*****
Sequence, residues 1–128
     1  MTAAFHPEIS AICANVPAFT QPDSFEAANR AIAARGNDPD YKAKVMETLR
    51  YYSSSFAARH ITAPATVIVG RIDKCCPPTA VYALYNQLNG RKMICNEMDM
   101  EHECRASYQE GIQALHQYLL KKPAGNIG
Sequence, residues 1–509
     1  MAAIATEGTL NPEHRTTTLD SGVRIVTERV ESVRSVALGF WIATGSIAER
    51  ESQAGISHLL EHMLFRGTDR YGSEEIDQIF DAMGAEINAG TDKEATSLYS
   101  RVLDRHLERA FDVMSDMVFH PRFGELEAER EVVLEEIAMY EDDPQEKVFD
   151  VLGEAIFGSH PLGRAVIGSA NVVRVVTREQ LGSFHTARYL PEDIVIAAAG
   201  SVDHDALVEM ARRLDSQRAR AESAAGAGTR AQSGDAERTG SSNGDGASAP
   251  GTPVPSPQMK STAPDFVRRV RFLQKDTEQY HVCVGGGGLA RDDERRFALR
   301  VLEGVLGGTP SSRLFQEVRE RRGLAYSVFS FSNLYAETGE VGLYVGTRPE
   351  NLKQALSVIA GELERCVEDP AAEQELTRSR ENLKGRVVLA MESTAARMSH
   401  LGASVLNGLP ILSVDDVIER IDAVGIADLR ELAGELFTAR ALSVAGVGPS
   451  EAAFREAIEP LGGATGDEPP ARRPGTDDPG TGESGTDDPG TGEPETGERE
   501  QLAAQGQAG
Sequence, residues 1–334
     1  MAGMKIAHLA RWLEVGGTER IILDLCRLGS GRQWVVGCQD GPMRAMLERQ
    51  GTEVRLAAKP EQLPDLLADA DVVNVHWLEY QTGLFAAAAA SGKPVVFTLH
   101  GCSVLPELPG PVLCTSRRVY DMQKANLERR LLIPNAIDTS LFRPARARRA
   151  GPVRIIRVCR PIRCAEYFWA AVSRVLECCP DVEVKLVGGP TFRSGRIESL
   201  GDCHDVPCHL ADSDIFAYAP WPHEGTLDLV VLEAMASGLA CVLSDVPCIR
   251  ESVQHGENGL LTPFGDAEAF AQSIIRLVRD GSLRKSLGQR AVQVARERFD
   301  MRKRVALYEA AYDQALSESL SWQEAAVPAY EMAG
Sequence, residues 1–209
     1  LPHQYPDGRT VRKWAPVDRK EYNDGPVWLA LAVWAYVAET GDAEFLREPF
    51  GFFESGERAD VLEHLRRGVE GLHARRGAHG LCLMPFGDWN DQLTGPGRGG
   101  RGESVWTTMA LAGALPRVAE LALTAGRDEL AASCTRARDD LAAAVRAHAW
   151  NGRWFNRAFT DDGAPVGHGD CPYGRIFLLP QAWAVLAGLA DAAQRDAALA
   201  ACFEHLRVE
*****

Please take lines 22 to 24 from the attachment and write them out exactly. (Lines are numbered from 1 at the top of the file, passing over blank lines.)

   201  GDCHDVPCHL ADSDIFAYAP WPHEGTLDLV VLEAMASGLA CVLSDVPCIR
   251  ESVQHGENGL LTPFGDAEAF AQSIIRLVRD GSLRKSLGQR AVQVARERFD
   301  MRKRVALYEA AYDQALSESL SWQEAAVPAY EMAG